Note: This is a copy of letter Anderson County Commissioner Myron Iwanski sent to the county commission and county mayor on Monday.
As discussed at the March County Commission meeting, I ask that a compromise regarding placement of the “In God We Trust” sign on the courthouse be added to the agenda for the April 8 Operations Committee meeting and the April 15 County Commission meeting.
There are several important issues with the sign as approved at the February meeting:
- It caused divisiveness, pitting community against community and church against church, and even disagreement within churches.
- Ironically and sadly, this issue has caused a level of hatefulness in online blogs and in the public that I am sure community leaders, including the ministers asking for the sign, did not encourage or want to see happen.
- As pointed out by the county law director (after the meeting to vote on approving the sign), placing a sign for religious reasons increases our legal liability. Contrary to the intent of our rules, this issue was forced to an immediate vote—before receiving this legal advice. I believe anyone reviewing comments by commissioners and others at that meeting will conclude it was passed for religious rather than patriotic and historic reasons. If challenged in the courts, we will risk hundreds of thousands of taxpayer dollars to defend this action.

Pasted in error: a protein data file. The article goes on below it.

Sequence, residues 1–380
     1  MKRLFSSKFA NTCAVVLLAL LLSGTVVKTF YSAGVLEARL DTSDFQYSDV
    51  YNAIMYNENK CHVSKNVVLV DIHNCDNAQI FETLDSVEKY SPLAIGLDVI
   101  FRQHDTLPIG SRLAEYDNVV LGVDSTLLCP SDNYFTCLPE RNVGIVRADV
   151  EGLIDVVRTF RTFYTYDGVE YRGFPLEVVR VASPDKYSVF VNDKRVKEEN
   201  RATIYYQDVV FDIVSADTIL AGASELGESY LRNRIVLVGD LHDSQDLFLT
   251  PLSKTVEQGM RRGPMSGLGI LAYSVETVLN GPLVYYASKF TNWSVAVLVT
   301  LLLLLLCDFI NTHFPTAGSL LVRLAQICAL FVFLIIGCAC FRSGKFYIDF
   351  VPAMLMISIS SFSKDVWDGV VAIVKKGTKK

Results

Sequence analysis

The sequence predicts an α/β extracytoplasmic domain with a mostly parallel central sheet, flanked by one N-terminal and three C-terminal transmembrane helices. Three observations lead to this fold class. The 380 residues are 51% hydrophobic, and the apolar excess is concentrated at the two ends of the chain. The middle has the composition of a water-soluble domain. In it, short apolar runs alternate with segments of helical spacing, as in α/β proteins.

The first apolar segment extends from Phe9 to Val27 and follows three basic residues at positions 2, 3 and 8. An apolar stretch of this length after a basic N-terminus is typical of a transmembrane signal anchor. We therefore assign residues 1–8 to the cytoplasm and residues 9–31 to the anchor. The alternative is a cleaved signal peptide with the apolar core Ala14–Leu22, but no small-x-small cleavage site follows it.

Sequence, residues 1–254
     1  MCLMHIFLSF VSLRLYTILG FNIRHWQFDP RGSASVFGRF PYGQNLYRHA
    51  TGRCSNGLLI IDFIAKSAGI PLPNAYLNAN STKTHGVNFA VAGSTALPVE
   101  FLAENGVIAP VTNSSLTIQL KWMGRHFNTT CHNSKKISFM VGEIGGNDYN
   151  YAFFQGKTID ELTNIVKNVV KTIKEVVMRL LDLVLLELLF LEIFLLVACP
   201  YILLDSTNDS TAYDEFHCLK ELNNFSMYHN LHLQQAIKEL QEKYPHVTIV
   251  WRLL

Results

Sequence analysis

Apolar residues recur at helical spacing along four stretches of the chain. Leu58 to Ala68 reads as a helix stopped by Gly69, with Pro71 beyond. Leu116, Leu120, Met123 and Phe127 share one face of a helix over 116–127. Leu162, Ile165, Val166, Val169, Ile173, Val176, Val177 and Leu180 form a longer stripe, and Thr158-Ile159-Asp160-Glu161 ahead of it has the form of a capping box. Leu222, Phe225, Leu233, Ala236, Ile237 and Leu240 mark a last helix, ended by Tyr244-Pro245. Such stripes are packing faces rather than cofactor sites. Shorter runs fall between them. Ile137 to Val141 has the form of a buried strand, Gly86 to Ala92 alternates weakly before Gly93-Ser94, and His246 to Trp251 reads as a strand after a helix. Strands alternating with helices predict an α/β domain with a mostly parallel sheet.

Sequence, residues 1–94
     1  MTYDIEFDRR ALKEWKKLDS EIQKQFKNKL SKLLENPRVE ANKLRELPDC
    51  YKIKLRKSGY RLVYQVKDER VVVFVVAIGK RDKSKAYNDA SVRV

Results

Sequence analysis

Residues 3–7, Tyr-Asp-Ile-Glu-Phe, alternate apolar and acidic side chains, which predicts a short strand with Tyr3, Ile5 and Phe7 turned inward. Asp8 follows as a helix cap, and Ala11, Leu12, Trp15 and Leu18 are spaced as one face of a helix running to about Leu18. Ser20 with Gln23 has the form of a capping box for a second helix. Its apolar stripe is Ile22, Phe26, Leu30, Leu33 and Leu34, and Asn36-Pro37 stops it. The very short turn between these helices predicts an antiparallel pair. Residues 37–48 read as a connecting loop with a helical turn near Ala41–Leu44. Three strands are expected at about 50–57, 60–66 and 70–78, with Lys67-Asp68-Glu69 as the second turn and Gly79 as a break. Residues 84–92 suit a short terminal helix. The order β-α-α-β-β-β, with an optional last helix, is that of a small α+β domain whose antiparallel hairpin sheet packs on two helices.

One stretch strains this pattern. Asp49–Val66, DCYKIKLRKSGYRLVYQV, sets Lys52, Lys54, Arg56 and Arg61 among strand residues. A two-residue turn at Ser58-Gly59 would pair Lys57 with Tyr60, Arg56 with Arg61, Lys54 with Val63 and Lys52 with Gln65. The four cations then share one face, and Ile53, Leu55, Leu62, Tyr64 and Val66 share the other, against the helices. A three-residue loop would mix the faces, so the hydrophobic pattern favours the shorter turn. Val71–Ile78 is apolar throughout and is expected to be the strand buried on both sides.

I believe our role as leaders is not to divide the community but to try to bring citizens together to work toward consensus and solve problems. Valid points have been made by all sides of this issue, but I believe there is room for a compromise.
A compromise on this issue that I and others on County Commission have suggested is to place one of four different signs at each of the four entrances to the courthouse.
I recently spoke to a couple of the ministers who led the discussion in favor of the “In God We Trust” sign. I believe they and many others on both sides of this issue understand the need for compromise and agree with including other signs.
The four signs I suggest are:
- In God We Trust—a national motto and on our money;
- E pluribus unum (Out of Many, One)—the country’s first motto, which is currently on all coins and all the official U.S. seals;
- Liberty and Justice for All—part of our history, beginning with the revolutionary war, part of our Pledge of Allegiance and Constitution, and a very relevant statement for our courts and county government; and
- Agriculture and Commerce—the State of Tennessee motto.
This compromise allows for placing “In God We Trust” on the courthouse but does so in a historic and patriotic context—which as pointed out by our county law director significantly lowers our liability risk.